*Maybe it’s just me, but has anyone done a straightforward Emily Dickinson timeline that says what Emily Dickinson was thought to be doing year to year? A good one would include links to the various theories regarding people that came and went in her life. I find some of this hard to keep straight and the non-linear choice of this movie obviously didn’t aim to help me. For example, the Mabel Todd/Austin Dickinson affair that started in 1882 happened very late in Emily’s life, more than a decade after she’s thought to have written the vast majority of her poems. And the first meeting with Thomas Wentworth Higginson in 1862 was when her amazing productivity was accelerating.

By the way the film’s bokeh effect makes Higginson and Helen Hunt Jackson look like comic idiots. Given the heroic things they tried to do in their time, I give them a little more credit than that.

Are Song Lyrics Poetry? Part Three

In the first two parts I’ve tried as briefly as I can to outline two things surrounding this issue. In part one, I surveyed how poetry moved from an ancient form performed with music to a modern form most typically associated with printed text on a page. In part two I looked at the surprising result of a political decision made in the 1930s that led to a rich cultural mix being encouraged to compose music for non-commercial purposes linked to folk music. 25 years after this decision, a singular singer-songwriter linked that idea with many of the discoveries of Modernist poetry and revolutionized what song lyrics could do.

These two things, the move of poetry away from music and performance in general and the move of song lyrics to utilize all the elements pioneered by the Modernist poets naturally bring this question of “Are these lyrics poetry?” to the fore.

I’m going to try (again as briefly as I can) to deal with the issues brought up by this question. Before I do, I’ll spoil the suspense: I believe song lyrics are poetry, even though I agree to some level with the objections to that idea. On one level, a matter of definition, it ought to be simple to agree: the argument isn’t really that song lyrics aren’t poetry (or that various kinds of performed poetry aren’t poetry) it’s an argument that those things aren’t (or aren’t very often) any good as poetry. As I argued here a couple of years back, “not so great poetry” isn’t worthless, and I doubt the arguments that not so great poetry harms those poems we feel are greater or more accomplished.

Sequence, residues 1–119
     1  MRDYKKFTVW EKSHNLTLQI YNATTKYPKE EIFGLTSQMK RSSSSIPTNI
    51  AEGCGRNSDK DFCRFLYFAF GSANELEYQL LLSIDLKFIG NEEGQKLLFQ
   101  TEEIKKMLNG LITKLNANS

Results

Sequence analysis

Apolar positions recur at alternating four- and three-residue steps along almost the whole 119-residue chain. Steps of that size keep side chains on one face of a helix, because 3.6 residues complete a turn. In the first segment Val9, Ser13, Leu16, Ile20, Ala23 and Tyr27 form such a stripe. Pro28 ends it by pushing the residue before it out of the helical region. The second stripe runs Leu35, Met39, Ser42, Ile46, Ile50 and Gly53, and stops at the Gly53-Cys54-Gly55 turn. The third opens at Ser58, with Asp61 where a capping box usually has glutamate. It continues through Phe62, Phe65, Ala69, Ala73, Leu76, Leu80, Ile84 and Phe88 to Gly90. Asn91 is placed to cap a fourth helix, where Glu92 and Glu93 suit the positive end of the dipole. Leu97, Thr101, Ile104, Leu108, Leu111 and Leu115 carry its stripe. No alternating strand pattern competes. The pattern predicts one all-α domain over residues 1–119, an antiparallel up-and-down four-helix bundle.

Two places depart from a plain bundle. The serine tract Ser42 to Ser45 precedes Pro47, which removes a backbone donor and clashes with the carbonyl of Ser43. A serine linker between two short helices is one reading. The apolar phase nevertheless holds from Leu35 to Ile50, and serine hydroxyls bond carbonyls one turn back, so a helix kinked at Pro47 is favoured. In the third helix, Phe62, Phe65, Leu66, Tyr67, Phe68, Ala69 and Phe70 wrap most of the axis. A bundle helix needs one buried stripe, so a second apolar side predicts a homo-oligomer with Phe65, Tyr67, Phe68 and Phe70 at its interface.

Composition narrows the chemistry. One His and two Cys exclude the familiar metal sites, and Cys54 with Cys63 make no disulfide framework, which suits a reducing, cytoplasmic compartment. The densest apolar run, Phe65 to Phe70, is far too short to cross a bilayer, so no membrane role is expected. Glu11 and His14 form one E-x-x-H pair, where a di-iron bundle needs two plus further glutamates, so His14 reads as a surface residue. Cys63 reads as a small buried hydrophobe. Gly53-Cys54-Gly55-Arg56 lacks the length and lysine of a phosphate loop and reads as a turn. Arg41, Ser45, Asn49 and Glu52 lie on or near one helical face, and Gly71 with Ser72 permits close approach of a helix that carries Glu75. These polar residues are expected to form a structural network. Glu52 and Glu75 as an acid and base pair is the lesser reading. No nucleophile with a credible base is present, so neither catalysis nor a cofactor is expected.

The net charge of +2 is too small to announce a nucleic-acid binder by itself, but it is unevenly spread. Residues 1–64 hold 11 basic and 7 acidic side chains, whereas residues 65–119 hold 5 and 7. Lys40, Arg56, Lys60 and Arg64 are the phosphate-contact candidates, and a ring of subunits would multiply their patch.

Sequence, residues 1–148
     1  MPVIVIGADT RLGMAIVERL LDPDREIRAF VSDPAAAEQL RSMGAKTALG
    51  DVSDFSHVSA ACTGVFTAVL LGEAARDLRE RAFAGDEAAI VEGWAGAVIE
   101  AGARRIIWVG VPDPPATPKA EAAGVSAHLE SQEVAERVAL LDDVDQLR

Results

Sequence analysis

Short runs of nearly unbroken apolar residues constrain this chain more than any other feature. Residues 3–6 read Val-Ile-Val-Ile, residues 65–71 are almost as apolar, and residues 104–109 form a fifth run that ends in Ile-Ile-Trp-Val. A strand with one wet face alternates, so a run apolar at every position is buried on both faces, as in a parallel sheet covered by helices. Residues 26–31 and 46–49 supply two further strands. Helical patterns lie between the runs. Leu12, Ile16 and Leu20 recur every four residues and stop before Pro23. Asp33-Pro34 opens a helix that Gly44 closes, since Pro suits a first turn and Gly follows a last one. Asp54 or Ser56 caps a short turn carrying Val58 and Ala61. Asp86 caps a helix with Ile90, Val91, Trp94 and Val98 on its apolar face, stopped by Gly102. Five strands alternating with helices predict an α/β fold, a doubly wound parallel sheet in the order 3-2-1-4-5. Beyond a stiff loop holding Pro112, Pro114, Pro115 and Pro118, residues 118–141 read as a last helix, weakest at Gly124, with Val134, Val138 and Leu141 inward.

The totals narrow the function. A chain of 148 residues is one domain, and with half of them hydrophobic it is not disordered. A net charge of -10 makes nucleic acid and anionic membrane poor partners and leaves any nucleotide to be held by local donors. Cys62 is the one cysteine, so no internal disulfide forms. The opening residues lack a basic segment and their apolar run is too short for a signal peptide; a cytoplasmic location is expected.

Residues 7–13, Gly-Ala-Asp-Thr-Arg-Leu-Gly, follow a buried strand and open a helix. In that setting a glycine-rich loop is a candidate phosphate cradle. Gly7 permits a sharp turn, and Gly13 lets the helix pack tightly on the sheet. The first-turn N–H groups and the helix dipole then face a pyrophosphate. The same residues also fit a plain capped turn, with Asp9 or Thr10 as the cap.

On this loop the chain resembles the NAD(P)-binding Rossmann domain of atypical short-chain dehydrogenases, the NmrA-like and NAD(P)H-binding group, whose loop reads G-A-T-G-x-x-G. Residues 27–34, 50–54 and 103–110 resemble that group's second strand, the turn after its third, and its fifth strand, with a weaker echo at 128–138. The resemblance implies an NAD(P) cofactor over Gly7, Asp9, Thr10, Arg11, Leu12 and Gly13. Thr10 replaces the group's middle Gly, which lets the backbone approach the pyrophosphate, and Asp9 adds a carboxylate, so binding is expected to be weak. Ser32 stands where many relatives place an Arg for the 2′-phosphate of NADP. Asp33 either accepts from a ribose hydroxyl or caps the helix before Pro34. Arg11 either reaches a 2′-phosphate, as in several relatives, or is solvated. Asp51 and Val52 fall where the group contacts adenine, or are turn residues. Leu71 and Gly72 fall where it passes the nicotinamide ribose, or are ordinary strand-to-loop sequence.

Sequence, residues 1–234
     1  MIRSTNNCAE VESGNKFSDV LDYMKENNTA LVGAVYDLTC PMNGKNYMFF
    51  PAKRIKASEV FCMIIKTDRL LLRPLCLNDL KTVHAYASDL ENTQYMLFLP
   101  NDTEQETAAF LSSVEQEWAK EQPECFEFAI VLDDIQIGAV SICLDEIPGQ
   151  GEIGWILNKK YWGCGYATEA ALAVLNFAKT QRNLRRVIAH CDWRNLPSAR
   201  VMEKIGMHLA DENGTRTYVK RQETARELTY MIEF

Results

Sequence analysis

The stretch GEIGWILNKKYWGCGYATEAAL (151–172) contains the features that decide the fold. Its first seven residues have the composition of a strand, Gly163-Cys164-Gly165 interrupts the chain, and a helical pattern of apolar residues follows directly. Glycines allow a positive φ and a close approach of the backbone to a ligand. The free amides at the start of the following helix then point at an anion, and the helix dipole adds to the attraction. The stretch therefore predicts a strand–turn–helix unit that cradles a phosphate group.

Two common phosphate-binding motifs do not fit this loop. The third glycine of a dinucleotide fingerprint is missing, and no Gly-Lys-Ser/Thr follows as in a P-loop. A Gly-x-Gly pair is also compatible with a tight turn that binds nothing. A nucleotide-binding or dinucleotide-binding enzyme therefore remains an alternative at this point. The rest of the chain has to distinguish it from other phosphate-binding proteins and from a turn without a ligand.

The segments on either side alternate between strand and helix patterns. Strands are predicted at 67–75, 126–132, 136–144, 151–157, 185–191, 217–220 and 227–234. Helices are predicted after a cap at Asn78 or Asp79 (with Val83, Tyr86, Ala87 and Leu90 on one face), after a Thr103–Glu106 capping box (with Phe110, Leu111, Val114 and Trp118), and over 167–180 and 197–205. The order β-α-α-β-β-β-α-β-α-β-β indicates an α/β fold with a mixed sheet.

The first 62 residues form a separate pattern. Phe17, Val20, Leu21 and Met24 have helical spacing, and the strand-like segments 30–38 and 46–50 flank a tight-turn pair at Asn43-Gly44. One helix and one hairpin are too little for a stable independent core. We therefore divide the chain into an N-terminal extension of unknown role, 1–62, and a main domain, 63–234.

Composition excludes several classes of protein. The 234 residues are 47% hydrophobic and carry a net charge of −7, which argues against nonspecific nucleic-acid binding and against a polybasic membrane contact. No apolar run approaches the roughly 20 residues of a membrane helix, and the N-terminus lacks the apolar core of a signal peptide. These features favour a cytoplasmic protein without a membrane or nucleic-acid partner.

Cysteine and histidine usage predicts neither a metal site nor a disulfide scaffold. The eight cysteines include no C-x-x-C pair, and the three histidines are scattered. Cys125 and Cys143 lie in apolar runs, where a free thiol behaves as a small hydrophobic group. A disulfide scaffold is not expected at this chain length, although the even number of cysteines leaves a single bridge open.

What are those objections?

Without music or when printed silently on the page many song lyrics, even effective ones, seem much less effective. It may be 20th century comedian Steve Allen who originated the gag where a pop music lyric is intoned as if it’s a deathless ode.  Laughs ensue. Allen liked to remind us that he was a songwriter and the author of serious books, but here, for the bit’s sake he’s showing us his skills as a performer. The unintended air of seriousness is incongruous to the material, he leans hard on the choral repetitions—which are used in poetry, but are used much more often in sung lyrics—and any infelicities in songwriter Gene Vincent’s words that we might ignore in the flow of Vincent’s performance get a raised eyebrow in Allen’s. A performer could do the same to “The Waste Land”  or Emily Dickinson and make it ludicrous. And Bullwinkle J. Moose could present the once worthy Longfellow for laughs too.


“Drink in the simple beauty and the profundity of the sentiment…Skitch…”

 

 

Context is important in art. “The Waste Land”  gained part of its launch velocity because of the trauma of WWI and because the Modernist movement was primed for a weighty masterpiece. But context is even more important in performed work, “Be Bop a-Lula”  is designed to be heard sung with music.

Allen was taking a jazz-snob swipe at rock’n’roll. Here he is providing appropriate context for Jack Kerouac. “In Iowa I know by now the children must be crying in the land where they let the children cry.”